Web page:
Back Pain and Exercise
Back pain, which afflicts four out of five Americans at one time or another, is second only to headache as a common disorder characterized by pain. Pain in the upper spine may accompany an injury; however, for the overwhelming majority, the pain originates in the lower back, or lumbar region.
Recent studies indicate that fewer than 15 percent of cases of lower back pain are traceable to structural defects, such as ruptured disks, arthritis or tumors. In most cases, the disability arises from weakness of the musculature surrounding the spine. Therefore, the most important aspect of treatment for muscle-based back pain involves strengthening and protecting these supporting muscles. With a doctor's guidance, well-informed and motivated patients can carry out most of the treatment themselves.
How the Pain Originates
The spinal column is made up of 24 separate and nine fused vertebrae, held together with tough bands of tissue called ligaments. Nerve roots pass through openings at the side of each vertebra. Thus, a wrench of the back or a failure of muscular support may result in the painful "pinching" of a nerve. The sciatic nerve--which extends from the lumbar area into the buttock, leg and toes--is particularly vulnerable to pressure. (The condition known as sciatica is a frequent companion to lower back pain, usually associated with a ruptured disk.)
Pain also is generated when muscles go into spasm. While such spasms may occur as a protective reflex, they intensify discomfort by choking off circulation and setting up an inflammatory response. Stress of any kind--physical or psychological--may cause spasms in under-exercised muscles.
Recurrent back pain--leading to the deterioration of the muscles supporting the spine--usually can be traced to a specific condition. These include--singly or in combination--a sedentary life style, obesity, poor posture and a general lack of muscular tone. The type of exercise taken by usually sedentary people often fails to strengthen muscles supporting the lower back. Indeed, such popular weekend sports ans tennis, golf and skiing may actually promote back problems.
Treating the Pain
Typically, acute low-back pain comes on suddenly and without apparent reason. Symptoms of sciatic nerve involvement--twinges, numbness, burning--may also be present. For such cases, a regimen of bed rest, hot baths and aspirin or a prescribed painkiller usually provides relief. A short course of muscle relaxants may be recommended. If sagging abdominal muscles need support, a girdle is helpful.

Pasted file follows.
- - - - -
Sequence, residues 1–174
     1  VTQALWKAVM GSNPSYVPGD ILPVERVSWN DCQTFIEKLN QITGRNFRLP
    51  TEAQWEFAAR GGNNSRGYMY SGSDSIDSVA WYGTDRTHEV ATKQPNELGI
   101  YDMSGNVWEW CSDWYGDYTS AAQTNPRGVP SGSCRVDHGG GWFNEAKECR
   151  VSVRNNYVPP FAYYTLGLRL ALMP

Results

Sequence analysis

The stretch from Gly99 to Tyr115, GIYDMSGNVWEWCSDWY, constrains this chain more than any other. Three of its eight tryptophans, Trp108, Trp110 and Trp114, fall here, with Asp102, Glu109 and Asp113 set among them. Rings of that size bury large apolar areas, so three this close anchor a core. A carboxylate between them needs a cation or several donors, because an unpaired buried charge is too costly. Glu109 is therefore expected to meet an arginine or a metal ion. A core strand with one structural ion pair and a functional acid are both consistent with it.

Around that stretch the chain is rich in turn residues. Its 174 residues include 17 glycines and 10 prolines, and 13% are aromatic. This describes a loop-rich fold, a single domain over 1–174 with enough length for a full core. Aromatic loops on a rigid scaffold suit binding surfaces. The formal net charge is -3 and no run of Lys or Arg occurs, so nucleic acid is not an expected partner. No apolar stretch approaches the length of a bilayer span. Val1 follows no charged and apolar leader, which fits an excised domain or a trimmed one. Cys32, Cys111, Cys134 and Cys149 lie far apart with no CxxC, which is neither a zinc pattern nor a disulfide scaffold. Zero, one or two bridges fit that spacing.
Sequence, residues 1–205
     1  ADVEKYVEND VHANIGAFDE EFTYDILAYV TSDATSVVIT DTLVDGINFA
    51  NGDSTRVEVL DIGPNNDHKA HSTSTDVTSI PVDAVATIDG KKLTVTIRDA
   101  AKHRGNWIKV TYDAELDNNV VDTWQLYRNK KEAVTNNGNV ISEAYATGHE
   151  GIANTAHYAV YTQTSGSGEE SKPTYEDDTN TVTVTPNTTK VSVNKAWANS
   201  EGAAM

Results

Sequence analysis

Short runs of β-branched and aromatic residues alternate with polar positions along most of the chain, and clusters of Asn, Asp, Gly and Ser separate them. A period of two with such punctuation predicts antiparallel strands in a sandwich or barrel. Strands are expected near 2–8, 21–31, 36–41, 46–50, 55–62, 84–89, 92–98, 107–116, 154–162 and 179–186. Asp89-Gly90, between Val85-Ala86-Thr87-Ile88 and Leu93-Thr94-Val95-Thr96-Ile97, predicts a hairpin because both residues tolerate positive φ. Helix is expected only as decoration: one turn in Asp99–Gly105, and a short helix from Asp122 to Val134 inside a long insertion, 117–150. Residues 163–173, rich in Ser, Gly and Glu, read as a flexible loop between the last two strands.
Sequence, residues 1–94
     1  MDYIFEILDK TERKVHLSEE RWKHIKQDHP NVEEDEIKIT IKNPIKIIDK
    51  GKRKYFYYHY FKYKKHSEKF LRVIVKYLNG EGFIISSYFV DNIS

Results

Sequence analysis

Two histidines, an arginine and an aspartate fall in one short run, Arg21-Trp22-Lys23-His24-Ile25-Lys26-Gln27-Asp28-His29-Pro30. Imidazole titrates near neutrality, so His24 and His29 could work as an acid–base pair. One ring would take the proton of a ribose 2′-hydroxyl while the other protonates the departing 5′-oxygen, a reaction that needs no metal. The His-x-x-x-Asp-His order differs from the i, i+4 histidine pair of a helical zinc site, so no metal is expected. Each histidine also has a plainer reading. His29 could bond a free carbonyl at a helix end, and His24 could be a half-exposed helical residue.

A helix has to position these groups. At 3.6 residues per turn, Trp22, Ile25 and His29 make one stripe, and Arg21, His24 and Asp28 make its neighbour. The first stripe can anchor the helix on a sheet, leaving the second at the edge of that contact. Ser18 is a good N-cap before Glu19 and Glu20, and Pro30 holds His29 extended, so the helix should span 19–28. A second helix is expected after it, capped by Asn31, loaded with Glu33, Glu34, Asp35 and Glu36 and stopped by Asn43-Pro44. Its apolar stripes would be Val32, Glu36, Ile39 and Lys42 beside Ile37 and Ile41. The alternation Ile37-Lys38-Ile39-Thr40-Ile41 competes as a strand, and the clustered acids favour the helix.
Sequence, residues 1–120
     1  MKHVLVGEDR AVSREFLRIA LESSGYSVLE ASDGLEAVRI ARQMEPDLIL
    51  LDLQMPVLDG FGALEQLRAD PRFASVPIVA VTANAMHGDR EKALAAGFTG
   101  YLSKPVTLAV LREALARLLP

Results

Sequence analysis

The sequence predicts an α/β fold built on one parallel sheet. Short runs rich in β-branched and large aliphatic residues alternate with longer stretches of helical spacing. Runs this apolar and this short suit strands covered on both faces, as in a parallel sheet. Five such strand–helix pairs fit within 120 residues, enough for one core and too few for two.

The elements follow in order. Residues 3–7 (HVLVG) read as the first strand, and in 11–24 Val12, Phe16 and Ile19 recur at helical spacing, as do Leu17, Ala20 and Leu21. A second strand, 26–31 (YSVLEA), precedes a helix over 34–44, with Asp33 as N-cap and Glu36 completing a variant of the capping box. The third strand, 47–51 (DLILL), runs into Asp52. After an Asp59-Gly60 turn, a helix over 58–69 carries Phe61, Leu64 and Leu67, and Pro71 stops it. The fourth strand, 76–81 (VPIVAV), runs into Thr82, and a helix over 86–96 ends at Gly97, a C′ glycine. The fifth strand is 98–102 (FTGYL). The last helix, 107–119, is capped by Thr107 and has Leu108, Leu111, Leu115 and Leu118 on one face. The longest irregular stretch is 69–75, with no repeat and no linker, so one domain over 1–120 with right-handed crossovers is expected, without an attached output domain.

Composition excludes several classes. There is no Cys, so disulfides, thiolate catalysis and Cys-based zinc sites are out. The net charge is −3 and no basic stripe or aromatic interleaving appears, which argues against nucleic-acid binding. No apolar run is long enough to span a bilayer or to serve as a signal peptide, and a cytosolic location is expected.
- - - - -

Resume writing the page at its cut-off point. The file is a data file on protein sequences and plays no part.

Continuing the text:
In about 90 percent of all cases, low-back pain subsides within two months. However, if the circumstances that caused it are not altered, it is likely to recur.
Preventing a Recurrence
As soon as possible after the acute pain subsides, exercises should be undertaken to strengthen muscles in the back and abdomen. A long-term weight-reducing plan may also be advised. Yoga, meditation and breathing exercises may help reduce tension and stress.
If your daily routine involves many hours of standing, check your posture in profile. Your chest should be raised, buttocks tucked in and stomach flat. Sedentary workers should have a chair with armrests,, support for the lower back, a movable upper section and an adjustment for height, so that feet can rest on the floor. When picking things up, bend at the knees only. If the object is heavy, hold it close to flexed abdominal muscles. Sports involving sudden body movements should be avoided in favor of walking, jogging, cycling and swimming.
Chronic Disabling Pain
When diagnostic tests determine that the cause of severe and unremitting back pain is nerve damage, tumor, arthritis or bone inflammation, therapy involves more extensive treatment, which may include surgery, drugs and physical therapy.
Very often, long-time sufferers from back pain of unidentifiable origin become "lower back cripples," limiting their activities and life style for fear of provoking pain. If the back becomes an excuse for avoiding responsibilities or confronting underlying problems, professional counseling should be considered.
Back pain is one of our most common health problems, but it can usually be resolved by proper exercise, heat, diet and other conservative measures. While 90 percent of all back pains dissipate within a few weeks, precautions should be taken to prevent their recurrence. Less frequent causes of lower back pain include arthritis, tumors and structural or neurological defects, which require clinical treatment.
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